Several recommendations concerning Boulder Valley’s school board elections have been published so far. One endorsement, enunciated by the Boulder Valley Education Association, raises questions.
The association represents all certified employees of the school district, including the teachers and most of the administrators. They endorsed Kitty Sargent, Dean Vlachos and Tina Marquardt as future school board members. Marquardt has no competitor, while Sargent is challenged by Alexandra Eddy in District F and Vlachos competes with Donna Miers and Raj Rawat in District E.
David Stewart, teacher and volunteer for BVEA in the campaign, explained that all candidates were assessed by a questionnaire and a personal interview with an independent teacher. The association wanted the process to be as unbiased as possible and used the Colorado Education Association’s guidelines to contrast the candidates. “They were all asked the same questions,” stated Stewart.
BVEA finally supported the candidates that fit in best to the other board members, proved to be collegial, collaborative and do “not get bogged up at smaller issues,” said Stewart. “We most want a functioning school board,” amplified Stewart, “We just want to get a Board of Education that listens to each other.”
“The school board has basically three jobs,” explained Vlachos, school board candidate in District E, “they set the policy for the school district, they define what the budget will be for the year and then they are responsible for one employee that they have the ability to hire and fire and that is the superintendent. That is their one person that they are responsible for.”
Hiring a new superintendent is one of the more prominent tasks for the new school board – and apparently the most delicate one. Both Rawat, also candidate for District E, and Vlachos admitted that there had been lots of anger and frustration about a lack of transparency in the school board regarding former superintendents.
“For two terms now, the Boulder Valley school district superintendents have left without enough transparency about why,” Rawat described. Especially the dismissal of former superintendent Bruce Messinger last spring threw the (school) district into turmoil.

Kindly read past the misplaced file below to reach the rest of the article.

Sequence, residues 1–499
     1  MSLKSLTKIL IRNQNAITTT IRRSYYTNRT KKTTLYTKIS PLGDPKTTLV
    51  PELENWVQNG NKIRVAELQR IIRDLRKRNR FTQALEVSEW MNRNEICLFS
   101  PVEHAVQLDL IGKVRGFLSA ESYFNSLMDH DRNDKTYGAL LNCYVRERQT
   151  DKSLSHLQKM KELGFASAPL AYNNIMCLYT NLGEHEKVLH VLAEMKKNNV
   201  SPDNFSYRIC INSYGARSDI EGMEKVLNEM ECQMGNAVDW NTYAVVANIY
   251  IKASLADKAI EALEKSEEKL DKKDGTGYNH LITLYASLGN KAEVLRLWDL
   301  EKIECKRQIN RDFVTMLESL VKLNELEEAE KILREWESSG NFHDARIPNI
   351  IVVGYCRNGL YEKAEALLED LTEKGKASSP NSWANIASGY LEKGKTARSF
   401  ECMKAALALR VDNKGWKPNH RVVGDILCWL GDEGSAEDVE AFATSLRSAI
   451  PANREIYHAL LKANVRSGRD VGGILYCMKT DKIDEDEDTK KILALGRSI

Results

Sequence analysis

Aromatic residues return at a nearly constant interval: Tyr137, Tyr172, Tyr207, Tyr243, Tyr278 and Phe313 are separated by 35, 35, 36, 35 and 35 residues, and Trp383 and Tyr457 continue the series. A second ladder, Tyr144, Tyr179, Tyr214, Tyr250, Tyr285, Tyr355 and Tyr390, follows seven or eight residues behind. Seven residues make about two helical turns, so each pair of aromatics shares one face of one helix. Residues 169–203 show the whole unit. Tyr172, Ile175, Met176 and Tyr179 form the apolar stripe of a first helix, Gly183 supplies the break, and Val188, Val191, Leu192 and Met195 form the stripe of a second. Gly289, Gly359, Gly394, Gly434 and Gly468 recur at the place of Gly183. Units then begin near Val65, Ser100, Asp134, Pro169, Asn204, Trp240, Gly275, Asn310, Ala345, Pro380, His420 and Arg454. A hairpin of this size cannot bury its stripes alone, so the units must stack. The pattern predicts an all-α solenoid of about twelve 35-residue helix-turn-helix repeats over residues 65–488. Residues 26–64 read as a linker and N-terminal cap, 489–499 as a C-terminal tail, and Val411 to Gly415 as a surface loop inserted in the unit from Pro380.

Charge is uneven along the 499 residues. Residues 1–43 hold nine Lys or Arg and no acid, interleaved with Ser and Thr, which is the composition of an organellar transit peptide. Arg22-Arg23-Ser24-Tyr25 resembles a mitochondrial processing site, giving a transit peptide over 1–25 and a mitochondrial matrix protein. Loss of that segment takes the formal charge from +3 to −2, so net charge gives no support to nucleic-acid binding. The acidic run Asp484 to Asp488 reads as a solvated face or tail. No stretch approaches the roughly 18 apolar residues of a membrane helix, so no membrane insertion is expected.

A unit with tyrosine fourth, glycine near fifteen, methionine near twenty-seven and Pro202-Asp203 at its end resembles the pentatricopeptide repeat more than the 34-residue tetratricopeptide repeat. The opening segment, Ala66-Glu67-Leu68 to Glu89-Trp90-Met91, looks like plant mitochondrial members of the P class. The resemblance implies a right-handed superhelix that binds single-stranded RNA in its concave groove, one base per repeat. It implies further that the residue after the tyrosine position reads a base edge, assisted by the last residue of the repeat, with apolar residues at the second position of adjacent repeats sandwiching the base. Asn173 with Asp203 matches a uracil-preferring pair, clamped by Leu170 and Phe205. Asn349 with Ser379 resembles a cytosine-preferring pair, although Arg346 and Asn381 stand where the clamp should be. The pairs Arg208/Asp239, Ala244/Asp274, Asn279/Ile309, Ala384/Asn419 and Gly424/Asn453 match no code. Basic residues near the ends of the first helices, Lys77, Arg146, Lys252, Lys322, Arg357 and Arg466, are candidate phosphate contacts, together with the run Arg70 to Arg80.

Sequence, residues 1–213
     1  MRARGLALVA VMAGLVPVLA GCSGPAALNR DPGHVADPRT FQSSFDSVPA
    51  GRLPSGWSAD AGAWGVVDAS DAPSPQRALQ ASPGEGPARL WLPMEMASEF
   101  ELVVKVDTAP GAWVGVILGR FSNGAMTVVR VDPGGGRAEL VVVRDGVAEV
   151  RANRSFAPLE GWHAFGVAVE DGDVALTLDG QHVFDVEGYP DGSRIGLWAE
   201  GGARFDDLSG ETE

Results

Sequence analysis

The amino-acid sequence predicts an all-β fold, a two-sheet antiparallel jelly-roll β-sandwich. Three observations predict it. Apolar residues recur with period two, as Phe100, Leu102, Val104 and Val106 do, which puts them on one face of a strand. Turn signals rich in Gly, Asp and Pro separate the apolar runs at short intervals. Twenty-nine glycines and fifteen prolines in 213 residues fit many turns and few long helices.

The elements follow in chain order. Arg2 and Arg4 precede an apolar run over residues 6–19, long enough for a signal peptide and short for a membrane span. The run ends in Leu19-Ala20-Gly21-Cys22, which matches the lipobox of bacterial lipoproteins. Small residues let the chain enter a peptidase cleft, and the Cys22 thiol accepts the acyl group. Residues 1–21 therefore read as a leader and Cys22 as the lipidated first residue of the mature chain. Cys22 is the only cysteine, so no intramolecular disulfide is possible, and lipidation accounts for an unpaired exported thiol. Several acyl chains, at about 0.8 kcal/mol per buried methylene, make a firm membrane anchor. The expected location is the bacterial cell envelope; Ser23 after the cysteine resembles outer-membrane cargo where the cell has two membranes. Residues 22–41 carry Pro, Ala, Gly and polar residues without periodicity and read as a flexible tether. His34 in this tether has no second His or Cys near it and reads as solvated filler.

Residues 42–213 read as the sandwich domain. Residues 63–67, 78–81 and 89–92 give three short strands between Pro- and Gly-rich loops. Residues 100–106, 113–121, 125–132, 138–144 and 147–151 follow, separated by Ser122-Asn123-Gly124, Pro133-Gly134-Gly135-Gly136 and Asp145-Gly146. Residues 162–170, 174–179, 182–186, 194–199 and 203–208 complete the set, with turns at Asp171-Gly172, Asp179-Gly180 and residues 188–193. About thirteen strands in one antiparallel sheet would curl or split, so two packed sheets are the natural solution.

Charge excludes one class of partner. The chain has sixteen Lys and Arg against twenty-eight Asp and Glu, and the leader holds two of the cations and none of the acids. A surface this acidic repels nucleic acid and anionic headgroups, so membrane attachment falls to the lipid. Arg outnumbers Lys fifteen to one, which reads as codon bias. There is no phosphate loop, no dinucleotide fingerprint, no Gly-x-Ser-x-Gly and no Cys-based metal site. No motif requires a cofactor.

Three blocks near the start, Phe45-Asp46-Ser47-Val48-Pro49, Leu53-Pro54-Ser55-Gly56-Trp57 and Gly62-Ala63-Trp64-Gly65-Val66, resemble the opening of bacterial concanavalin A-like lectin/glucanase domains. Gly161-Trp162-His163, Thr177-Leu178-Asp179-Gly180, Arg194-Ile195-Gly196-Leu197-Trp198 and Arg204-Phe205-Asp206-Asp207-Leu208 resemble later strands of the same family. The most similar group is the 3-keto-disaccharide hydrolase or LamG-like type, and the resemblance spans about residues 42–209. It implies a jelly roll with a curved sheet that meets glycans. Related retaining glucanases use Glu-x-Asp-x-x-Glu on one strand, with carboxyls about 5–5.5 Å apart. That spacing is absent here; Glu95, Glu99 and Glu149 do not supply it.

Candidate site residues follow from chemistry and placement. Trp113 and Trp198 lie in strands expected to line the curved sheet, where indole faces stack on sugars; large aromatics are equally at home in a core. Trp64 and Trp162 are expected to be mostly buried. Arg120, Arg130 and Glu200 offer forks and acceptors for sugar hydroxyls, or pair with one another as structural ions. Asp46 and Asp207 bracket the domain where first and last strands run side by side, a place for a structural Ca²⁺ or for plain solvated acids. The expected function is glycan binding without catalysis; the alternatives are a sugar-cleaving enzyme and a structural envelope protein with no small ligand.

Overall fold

“There are some legalities, but to answer your questions, I have no idea, I don’t know the exact specifics,” commented Vlachos his knowledge about the dismissal. Neither do the other candidates.
“During the campaign, I asked ‘What happened, what happened, what happened’,” said Alexandra Eddy, candidate for District F. She did not get an answer, why the board hid details about Bruce Messinger’s trial. But she trusts the board’s decision.
Vlachos supposed, it must be some personal related matter. But in his opinion, it is up to the people who are involved what they want to reveal and what not.
Unlike Rawat, who said: “The school board and the school system are paid for by taxpayers’ money. We are talking about our children – there should be no secrets. And if there is reason for something to be kept behind closed doors, then there should be a time that is established, that, at this time, it will be made public, so that everybody does know.”
He further added, that the decision itself is not questionable: “The board didn’t do anything wrong. They must have been on a bind where they cannot disclose it.”
But Rawat questions BVEA’s current endorsement and the association’s motives for their decision.
Rawat received an email, where the association affirmed their public choices for Marquardt, Sargent and Vlachos, but further explained that “if their opponents are elected, we fear an unwelcome shift in our school board away from constructive and collaborative governance and toward more of the opaque and questionable practices of last spring.”
“First, I couldn’t believe, I thought this was a hoax. That somebody wrote a note in their name, to make them look bad,” said Rawat about the, as he called it, “fearmongering style” of the recommendation.
He highly respects teachers as well as the association and could not believe they assume “things like, there will not be transparency, if somebody who was not selected by the teacher’s union gets in, that people are running for the board, because it is their pet project.” Rawat replied to BVEA and asked for clarification.
Stewart said the email, which was sent out to all BVEA members, was only meant for internal communication and therefore “a bit more frank.”
Rawat also forwarded the email and his reply to several persons, among them the six other candidates.
“Yes, I had seen it before,” said Vlachos, environmental engineer and spouse of a teacher, about the E-Mail from the association.
Sargent, a former teacher, said she was probably chosen because she has the experience and her participation in the school board will benefit teachers and parents.
Sargent’s challenger Eddy, herself educated in the BVSD and the youngest candidate in the race, regretted that she didn’t get BVEA’s support.
The association has over 1,400 members and, as Stewart stated, a loud voice in the community.
But, as Stewart further explained, the association will not take any actions in response to Rawat’s request for clarification. Rawat suggested to reconsider their endorsement, said Stewart. As far as he is informed, the association had never reconsidered their decisions before and will not do it this time.